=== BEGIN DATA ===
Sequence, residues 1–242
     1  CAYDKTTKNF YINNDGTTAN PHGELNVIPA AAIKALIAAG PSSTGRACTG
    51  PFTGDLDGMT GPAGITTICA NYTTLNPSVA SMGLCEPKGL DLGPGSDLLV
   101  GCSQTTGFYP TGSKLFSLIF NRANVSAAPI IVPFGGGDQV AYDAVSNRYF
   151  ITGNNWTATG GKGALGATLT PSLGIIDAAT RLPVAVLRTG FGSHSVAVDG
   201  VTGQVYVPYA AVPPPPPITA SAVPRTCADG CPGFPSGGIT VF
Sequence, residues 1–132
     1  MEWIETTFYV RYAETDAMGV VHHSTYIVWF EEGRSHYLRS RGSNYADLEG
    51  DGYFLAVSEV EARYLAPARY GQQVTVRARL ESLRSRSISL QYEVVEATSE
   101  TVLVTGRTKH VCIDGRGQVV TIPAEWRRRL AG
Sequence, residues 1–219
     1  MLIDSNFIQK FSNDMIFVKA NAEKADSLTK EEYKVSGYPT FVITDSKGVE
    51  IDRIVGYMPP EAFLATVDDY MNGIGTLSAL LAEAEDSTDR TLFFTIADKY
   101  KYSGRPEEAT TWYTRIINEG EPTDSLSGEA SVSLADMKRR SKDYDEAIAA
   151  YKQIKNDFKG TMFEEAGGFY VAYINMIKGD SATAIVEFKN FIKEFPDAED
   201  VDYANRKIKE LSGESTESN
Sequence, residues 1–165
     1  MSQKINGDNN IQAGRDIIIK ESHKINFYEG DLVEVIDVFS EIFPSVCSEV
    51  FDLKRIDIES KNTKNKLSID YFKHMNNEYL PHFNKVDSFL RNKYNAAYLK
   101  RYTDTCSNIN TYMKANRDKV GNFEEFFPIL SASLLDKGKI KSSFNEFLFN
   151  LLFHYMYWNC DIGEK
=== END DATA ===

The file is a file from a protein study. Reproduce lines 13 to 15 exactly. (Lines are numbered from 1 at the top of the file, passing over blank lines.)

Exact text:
    51  IDRIVGYMPP EAFLATVDDY MNGIGTLSAL LAEAEDSTDR TLFFTIADKY
   101  KYSGRPEEAT TWYTRIINEG EPTDSLSGEA SVSLADMKRR SKDYDEAIAA
   151  YKQIKNDFKG TMFEEAGGFY VAYINMIKGD SATAIVEFKN FIKEFPDAED